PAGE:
Pitt's offensive coordinator is former NFL coach Mark Whipple, and he does a great job of scheming Pitt's receivers against safeties and linebackers. Against man-to-man coverage, multiple receivers such as Shocky Jacques-Louis (No. 18, 6-0, 190) run crossing routes, setting subtle picks to get open and outrun safeties. Against a zone, gigantic tight end Lucas Krull (No. 7, 6-6, 260) or receiver Jared Wayne (No. 5, 6-3, 210) run stick routes against a linebacker who is too small to work back through their body on a quick throw. Pitt also incorporates their running backs into the attack. Pickett is comfortable throwing to any skill position player who steps on the field. Even if Jermaine Waller matches up against whoever Justin Hamilton feels is Pitt's most dangerous threat, Pickett will simply work the ball elsewhere.
If there is a solution to contain the Panthers, it is to go man across the board and blitz the house. Tennessee attempted to press Pitt outside and then send a variety of pressures. They had some success, sacking Pickett twice and moving him out of the pocket. Unfortunately for the Vols, Pickett broke down the press coverage by throwing a couple of fades for huge gains to Taysir Mack (No. 11, 6-2, 190).
On the above 1st-and-10, Tennessee plays the same press man with a single deep safety look that the Hokies used against North Carolina. The delayed blitz gets in Pickett's face, but Mack goes up and wins the battle on a perfectly thrown ball. Even though Pitt's offensive line struggles with blitz protections, Mack gives Pickett a down the field threat who can go up and win the ball even when Pickett is under heat. For the Hokies to have any kind of success, the blitz has to arrive quickly and keep Pickett in the pocket, and whoever is covering Mack better win the vast majority of 50/50 balls.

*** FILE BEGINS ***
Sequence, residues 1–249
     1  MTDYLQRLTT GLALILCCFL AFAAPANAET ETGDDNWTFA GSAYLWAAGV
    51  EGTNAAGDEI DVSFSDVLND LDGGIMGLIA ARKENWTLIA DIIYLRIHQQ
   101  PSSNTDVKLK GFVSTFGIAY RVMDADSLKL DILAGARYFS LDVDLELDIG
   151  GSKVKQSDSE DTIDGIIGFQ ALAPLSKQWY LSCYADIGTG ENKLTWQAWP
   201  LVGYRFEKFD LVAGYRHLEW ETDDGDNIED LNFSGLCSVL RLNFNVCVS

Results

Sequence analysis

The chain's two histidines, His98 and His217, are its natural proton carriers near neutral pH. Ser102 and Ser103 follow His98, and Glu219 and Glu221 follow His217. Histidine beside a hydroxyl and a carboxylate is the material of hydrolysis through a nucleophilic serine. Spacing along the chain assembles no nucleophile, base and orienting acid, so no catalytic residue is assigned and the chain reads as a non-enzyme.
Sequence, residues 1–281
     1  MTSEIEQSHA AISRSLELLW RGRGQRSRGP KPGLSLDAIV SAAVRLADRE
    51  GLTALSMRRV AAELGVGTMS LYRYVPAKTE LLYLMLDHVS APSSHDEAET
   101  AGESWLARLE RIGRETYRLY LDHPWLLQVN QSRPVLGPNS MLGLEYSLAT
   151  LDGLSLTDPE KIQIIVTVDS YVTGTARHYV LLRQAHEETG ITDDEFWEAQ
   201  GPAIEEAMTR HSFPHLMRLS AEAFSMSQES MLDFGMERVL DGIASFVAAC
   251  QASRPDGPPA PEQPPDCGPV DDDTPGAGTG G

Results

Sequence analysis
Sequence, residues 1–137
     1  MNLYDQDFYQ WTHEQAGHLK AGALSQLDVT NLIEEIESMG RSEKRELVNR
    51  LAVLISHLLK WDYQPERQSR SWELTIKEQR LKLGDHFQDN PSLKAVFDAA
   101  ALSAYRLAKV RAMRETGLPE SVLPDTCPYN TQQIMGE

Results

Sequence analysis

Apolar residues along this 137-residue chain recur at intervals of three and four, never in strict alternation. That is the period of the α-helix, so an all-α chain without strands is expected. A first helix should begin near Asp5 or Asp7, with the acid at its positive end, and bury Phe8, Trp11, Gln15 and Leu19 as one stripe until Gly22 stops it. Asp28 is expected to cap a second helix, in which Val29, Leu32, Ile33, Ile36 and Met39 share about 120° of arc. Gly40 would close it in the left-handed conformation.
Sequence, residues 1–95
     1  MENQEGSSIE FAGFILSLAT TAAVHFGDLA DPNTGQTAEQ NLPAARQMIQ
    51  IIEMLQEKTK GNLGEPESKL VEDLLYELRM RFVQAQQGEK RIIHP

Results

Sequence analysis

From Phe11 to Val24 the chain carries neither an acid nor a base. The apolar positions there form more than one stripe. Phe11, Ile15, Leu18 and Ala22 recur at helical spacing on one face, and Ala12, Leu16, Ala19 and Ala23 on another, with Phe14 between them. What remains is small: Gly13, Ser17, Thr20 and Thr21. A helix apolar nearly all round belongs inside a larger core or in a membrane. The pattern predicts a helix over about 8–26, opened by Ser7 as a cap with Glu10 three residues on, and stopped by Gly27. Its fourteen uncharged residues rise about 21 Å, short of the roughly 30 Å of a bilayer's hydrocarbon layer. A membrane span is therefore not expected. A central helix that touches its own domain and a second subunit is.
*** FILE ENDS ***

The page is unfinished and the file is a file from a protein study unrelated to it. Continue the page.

The Panthers do not run the football well, so expect the Hokies to defend the box with six defenders and hope that their front can at least hold serve inside.
Same Old Narduzzi on Defense
Tech fans are well acquainted with Narduzzi's defense. Similar to Bud Foster's old scheme, Narduzzi wants six or seven defenders forming a wall one yard in the opponent's backfield. Instead of slanting, Pitt's defensive line and linebacker groups attack straight ahead almost every snap, often leaving the defensive backs to fend for themselves.